F = H + G;

    public function set X(newX:int):void {
        this._X = newX;
    public function get X():int {
        return this._X;

    public function set Y(newY:int):void {
        this._Y = newY;
    public function get Y():int {
        return this._Y;

    public function set G(newG:int):void {
        this._G = newG;
    public function get G():int {
        return this._G;

    public function set H(newH:int):void {
        this._H = newH;
    public function get H():int {
        return this._H;

    public function set F(newF:int):void {
        this._F = newF;
    public function get F():int {
        return this._F;

    public function set parentNode(newParentNode:AStarNode):void {
        this._parentNode = newParentNode;
    public function get parentNode():AStarNode {
        return this._parentNode;

    public function setAsOrigin():void {
        _isOrigin = true;
    public function checkIfOrigin():Boolean {
        return _isOrigin;

    public function isThisInArray(arrayToCheck:Array):Boolean {
        for (var i in arrayToCheck) {
            if (arrayToCheck[i].X == this.X && arrayToCheck[i].Y == this.Y) {
                return true
        return false
enter code here


preguntado el 23 de septiembre de 13 a las 03:09

2 Respuestas

A quick glance through your code raises the idea of wrong heuristics. Your G value is always 0 in a node, at lease I do not see where it could change. However, in A-star algorithm for your task (finding the shortest path with obstacles) it should represent the number of steps already made to reach the cell. That would allow the algorithm to replace the long path with a shorter one.

Respondido el 23 de Septiembre de 13 a las 03:09

Wow, i completely forgot about that part of A-star, I now know why it has been acting so strange. - Xiler

The one time I coded an A star 'algorithm' I used a 2-dimensional Array for the grid (as you have). At the start of the search each grid location's 'searched' property was set to false. Each grid location would also have an Array of connecting directions; options that the player could choose to move in - some might be open, some might be blocked and inaccessible.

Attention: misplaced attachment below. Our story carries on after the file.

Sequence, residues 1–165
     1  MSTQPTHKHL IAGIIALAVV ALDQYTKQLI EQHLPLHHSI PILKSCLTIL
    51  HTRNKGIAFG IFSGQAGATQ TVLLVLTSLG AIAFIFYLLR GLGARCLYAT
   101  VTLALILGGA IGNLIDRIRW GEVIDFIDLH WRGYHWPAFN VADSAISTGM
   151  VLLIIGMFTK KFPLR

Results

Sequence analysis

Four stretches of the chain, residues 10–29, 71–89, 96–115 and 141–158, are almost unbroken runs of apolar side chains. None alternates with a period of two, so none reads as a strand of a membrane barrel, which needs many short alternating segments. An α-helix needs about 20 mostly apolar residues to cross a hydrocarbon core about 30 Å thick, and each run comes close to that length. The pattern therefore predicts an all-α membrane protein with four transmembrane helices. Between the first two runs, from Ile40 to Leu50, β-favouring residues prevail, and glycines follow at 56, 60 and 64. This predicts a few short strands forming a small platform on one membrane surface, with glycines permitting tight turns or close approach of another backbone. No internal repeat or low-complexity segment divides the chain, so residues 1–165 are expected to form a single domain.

I would start the search by checking the starting grid position for how many direction options it had. For each option I would push a 'path' Array into a _paths Array. Each 'path' Array would end up containing a sequence of 'moves' (0 for up, 1 for right, 2 for down and 3 for left). So for each initial path, I would push in the corresponding starting move. I would also set the grid position's 'searched' property to true.
I would then iterate through each path, running through that sequence of moves to get to the most recently added location. I would check if that location was the target location. If not I would mark that location as searched then check which directions were available, ignoring locations that had already been searched. If non were available, the path would be closed and 'spliced' from the Array of paths.
Otherwise ByteArray 'deep copies' of the current path Array were made for each available move option, in excess of the first move option. A move in one direction was added to the current path and the new paths, in their respective directions.
If the number of paths ever reaches 0, there is not a path between the 2 locations. I think that was about it. I hope that's helpful.
Note that the search does not need to be 'directed' toward the target; what I've suggested searches all possible paths and just 'happens' to find the most direct route by killing paths that try to check locations that have already been searched (meaning some other path has got there first and is therefore shorter).

Respondido el 23 de Septiembre de 13 a las 09:09

Sayonji Nakate seemed to have answered my question, but this approach is interesting too, I wonder though which approach is the fastest, which is pretty important when it comes to path-finding. Thanks for the idea. - Xiler